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Senate Democrats Advance Bill to Force Supreme Court to Adopt Ethics Code

“The Supreme Court has been captured by special interests,” said Senator Whitehouse.

The Supreme Court is pictured on January 27, 2022, in Washington, D.C.

Democrats on the Senate Judiciary Committee advanced legislation on Thursday that would force the Supreme Court to adopt an ethics code for the first time in history.

The committee voted along party lines to approve Sen. Sheldon Whitehouse’s (D-Rhode Island) Supreme Court Ethics, Recusal, and Transparency (SCERT) Act, which is aimed at reining in corruption among justices in a time when new Supreme Court scandals are being uncovered nearly every week.

Before the vote on Thursday, Whitehouse said that legislation like the SCERT Act is “overdue.”

“The Supreme Court has been captured by special interests,” Whitehouse said. “We are here because the highest court in the land has the lowest standard of ethics anywhere in the federal government.”

If passed, the bill would place stricter requirements around disclosing gifts and travel, especially when they involve people tied to parties with business before the Court. It would also tighten rules around recusals from cases when a justice may have a potential conflict of interest.

Supreme Court ethics are indeed in crisis. In the past months, reporters have uncovered that Justices Clarence Thomas and Samuel Alito have both accepted luxury gifts and trips from wealthy conservatives worth hundreds of thousands of dollars that the justices never reported. Further, both justices have not recused themselves from cases involving their donors.

Experts have said that justices have broken multiple disclosure laws in the process — but, because the Supreme Court doesn’t have a binding ethics code or strong punishments for breaking disclosure laws in this way, and because Chief Justice John Roberts refuses to act on the allegations, the justices are seemingly facing zero consequences for their corruption. As a result, public trust in the Supreme Court is at an all-time low.

Despite this, SCERT isn’t likely to pass the Senate. Republicans have pledged to vote against the bill, effectively killing it. As they have vehemently defended right-wing Supreme Court justices’ right to act with impunity as the Court hands down win after win for the far right, the GOP has dubiously claimed that Congress has no jurisdiction over the Supreme Court — which experts have said is blatantly untrue.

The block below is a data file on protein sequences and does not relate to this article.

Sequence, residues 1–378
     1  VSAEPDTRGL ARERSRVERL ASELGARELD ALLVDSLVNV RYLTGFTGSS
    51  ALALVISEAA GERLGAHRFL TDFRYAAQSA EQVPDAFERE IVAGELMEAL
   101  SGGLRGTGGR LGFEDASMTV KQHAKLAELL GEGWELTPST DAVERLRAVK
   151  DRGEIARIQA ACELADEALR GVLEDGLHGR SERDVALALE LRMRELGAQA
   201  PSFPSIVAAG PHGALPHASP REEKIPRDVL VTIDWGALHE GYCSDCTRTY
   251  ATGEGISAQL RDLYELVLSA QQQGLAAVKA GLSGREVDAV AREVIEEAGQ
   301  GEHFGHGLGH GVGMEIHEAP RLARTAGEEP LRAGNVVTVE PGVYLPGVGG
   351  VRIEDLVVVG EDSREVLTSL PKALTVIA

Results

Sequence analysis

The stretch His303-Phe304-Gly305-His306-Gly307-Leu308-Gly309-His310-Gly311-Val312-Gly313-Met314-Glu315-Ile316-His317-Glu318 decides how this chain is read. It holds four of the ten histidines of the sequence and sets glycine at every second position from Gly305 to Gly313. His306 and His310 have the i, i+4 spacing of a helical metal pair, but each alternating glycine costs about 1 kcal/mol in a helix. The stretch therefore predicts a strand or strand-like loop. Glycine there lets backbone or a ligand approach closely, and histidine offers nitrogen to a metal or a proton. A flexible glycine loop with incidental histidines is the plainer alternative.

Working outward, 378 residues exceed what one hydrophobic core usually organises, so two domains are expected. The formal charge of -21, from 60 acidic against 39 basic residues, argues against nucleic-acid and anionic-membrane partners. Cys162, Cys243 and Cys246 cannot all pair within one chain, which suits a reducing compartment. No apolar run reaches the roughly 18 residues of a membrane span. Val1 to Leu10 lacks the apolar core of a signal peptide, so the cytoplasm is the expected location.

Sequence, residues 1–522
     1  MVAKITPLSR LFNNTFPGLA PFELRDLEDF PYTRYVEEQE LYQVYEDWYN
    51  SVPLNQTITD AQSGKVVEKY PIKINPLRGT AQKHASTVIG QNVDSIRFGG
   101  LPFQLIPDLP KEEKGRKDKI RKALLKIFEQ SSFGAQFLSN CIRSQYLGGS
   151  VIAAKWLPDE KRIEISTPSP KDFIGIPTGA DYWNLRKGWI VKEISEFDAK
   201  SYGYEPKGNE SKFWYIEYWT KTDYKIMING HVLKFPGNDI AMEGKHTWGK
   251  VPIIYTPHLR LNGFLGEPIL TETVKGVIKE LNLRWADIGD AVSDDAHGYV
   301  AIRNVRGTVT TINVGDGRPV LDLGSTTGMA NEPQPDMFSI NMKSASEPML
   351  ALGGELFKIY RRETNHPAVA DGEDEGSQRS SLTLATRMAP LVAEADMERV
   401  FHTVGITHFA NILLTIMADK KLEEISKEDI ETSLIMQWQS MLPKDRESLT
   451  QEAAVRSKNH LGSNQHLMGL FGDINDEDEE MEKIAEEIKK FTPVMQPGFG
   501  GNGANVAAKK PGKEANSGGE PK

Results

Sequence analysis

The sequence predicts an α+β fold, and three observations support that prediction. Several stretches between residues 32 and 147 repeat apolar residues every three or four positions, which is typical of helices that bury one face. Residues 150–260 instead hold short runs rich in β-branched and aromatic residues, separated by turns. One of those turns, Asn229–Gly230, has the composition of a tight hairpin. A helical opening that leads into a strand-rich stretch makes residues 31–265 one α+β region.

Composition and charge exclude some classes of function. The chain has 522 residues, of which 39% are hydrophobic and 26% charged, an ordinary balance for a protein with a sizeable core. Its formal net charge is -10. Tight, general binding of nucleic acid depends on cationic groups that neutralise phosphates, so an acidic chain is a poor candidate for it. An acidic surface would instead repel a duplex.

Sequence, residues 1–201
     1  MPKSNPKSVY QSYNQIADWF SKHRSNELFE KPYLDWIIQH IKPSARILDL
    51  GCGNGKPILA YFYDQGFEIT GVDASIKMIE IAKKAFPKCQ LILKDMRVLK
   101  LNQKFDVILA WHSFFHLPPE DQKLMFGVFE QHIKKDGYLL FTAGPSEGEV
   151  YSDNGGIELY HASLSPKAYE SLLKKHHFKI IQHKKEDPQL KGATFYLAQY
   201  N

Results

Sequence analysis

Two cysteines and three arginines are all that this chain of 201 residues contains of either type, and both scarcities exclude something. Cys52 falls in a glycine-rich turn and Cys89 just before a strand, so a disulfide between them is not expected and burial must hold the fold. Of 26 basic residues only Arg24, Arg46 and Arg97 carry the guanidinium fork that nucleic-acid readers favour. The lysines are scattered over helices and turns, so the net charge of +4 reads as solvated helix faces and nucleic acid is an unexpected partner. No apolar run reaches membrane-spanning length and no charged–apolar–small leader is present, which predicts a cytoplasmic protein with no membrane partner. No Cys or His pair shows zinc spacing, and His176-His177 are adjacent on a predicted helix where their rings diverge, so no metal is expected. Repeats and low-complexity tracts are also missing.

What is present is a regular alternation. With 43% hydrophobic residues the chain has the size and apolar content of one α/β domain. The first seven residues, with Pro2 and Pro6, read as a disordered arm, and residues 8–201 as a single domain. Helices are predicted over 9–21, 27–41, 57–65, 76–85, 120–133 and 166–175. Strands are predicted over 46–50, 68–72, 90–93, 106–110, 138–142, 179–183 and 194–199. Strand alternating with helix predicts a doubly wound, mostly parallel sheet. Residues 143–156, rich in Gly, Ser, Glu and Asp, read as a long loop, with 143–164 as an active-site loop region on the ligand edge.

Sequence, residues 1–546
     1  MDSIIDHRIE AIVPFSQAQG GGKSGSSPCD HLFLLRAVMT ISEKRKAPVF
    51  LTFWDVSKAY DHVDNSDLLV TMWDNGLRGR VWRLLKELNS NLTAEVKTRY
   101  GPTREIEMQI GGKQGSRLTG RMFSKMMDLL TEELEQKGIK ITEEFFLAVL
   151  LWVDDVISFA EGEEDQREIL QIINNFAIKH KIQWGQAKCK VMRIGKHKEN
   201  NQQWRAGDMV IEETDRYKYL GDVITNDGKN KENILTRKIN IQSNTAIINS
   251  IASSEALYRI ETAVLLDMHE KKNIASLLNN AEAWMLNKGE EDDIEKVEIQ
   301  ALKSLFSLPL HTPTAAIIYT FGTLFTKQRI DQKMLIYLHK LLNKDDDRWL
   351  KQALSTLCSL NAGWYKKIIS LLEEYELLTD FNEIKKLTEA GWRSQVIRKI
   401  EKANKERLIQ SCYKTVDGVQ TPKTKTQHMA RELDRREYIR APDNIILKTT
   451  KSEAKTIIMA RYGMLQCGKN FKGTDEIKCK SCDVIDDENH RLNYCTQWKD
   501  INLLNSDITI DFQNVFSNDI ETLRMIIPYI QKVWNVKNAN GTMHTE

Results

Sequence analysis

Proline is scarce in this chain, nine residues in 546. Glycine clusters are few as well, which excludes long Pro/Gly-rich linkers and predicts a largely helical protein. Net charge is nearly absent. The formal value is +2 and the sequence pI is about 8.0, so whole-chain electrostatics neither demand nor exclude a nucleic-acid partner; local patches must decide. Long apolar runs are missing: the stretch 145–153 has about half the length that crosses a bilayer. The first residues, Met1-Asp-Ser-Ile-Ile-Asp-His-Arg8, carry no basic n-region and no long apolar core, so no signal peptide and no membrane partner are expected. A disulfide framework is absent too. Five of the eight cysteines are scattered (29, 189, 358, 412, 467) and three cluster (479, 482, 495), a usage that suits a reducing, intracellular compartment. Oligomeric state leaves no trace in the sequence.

“The court’s financial disclosure requirements are a law passed by Congress. Its recusal requirements are a law passed by Congress. And the body that implements financial disclosure and code of conduct issues is the Judicial Conference — a body created by Congress,” said Whitehouse. “Please, let’s not pretend that Congress can’t make amendments to laws Congress has passed or oversee agencies Congress has created…. Even the Court has demonstrated it does not believe that canard.”

Meanwhile, Republicans have essentially outright said that the reason the party doesn’t actually want to rein in the Supreme Court is because doing so would risk making the Supreme Court less conservative. In committee debate over the bill, Sen. Lindsey Graham (South Carolina), the committee’s top Republican, said that SCERT is “a bill to destroy a conservative court.”

Recent polling has found that the majority of the public agree that the Supreme Court is in need of ethics reform. A Navigator Research poll released Tuesday found that 67 percent of Americans support the passage of the SCERT Act, including a majority of Democrats, Independents and Republicans. Another poll by YouGov, commissioned by Demand Justice and released this week, found that 59 percent of Americans would be less likely to vote for a candidate for Congress who opposes Supreme Court ethics reform.